Australia fears impact of Europe crisis; lowers growth forecast
Australia's central bank on Friday warned that financial turmoil in Europe could drag the country's resource-led economy lower, as it cut forecasts for domestic growth and inflation.
The Reserve Bank of Australia (RBA) said it had concerns about the situation in Europe as leaders of the world's top economies met for a G20 summit in Cannes, France.
In a monetary policy statement finalised on Thursday, Australia's central bank lowered its average economic growth forecast for the 2011/2012 fiscal year to 3.25 percent from 4.0 percent. The new estimate was officially released on Friday.
"The risks (to the forecast) continue to be tilted to the downside, with a very disruptive outcome in Europe still possible," it said.
The change came as Greece's prime minister on Thursday backed away from his controversial plan for a national vote on a eurozone rescue package which included a massive bailout for the debt-ridden nation.
The RBA also lowered its inflation forecast to reflect the revised growth figures. In underlying terms, inflation is expected to be around 2.5 percent in 2012, 50 basis points lower than the bank's August forecast.
It said the revised forecasts were contingent on European leaders acting to fix the region's sovereign debt and banking problems.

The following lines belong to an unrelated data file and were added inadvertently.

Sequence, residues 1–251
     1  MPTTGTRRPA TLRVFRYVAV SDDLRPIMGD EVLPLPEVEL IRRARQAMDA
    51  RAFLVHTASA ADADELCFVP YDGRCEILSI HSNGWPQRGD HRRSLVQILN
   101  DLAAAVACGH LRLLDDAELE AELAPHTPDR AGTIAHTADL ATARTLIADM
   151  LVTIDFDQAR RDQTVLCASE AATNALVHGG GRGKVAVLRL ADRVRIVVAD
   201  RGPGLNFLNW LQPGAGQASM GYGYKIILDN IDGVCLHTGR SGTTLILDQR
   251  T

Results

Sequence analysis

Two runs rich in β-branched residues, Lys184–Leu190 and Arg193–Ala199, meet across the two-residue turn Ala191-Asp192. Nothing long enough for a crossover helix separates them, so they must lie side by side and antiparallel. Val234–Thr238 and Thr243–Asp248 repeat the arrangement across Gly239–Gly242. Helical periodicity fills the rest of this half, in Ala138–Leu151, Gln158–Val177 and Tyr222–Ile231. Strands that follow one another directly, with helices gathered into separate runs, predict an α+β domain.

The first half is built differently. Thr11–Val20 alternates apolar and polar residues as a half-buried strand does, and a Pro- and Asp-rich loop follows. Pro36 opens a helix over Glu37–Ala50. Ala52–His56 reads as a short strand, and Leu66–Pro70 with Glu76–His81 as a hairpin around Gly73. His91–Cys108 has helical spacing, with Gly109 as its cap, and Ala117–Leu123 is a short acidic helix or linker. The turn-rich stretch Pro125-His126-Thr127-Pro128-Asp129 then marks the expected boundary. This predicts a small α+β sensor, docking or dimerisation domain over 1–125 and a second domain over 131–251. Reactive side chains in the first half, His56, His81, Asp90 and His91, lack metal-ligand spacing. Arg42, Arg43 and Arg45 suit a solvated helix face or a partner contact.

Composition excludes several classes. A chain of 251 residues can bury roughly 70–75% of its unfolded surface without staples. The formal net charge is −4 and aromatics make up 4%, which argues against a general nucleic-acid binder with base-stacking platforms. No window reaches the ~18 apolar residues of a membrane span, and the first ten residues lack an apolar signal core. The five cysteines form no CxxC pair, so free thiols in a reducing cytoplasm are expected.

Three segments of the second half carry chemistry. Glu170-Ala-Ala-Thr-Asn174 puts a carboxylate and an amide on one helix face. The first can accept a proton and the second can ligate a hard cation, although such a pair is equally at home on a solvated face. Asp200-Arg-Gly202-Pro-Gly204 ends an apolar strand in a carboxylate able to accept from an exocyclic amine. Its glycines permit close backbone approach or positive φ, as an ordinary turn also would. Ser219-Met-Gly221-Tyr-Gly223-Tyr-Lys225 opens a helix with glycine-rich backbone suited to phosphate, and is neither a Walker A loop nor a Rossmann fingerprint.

"The Bank's central scenario continues to be one in which the European authorities do enough to avert a disaster, but are not able to avoid periodic bouts of considerable uncertainty and volatility," it said.
"A worse outcome in Europe would adversely affect the Australian economy, and underlying inflation would be likely to decline."
The RBA said while the mining-related parts of the Australian economy were experiencing solid growth, with unprecedented Asian demand for minerals, the near-term outlook for the rest of the economy was subdued.
On Tuesday, the central bank lowered interest rates by 25 basis points to 4.50 percent, citing easing inflationary pressures, but later warned the situation could worsen if Europe was plunged into a "deep recession".
"Given the strong trade links with Asia, it is likely that Australia would be less directly affected than some other countries by a deterioration in Europe, although the economy would still be affected through falls in asset prices and weaker household and business confidence," it said.
Treasurer Wayne Swan said the RBA statement confirmed economic instability was impacting global growth and "therefore impacting on Australian growth".
"What we are seeing in the global economy is instability," he said. "We've got two of the very big economic engines misfiring in the global economy in terms of Europe and also in terms of the United States."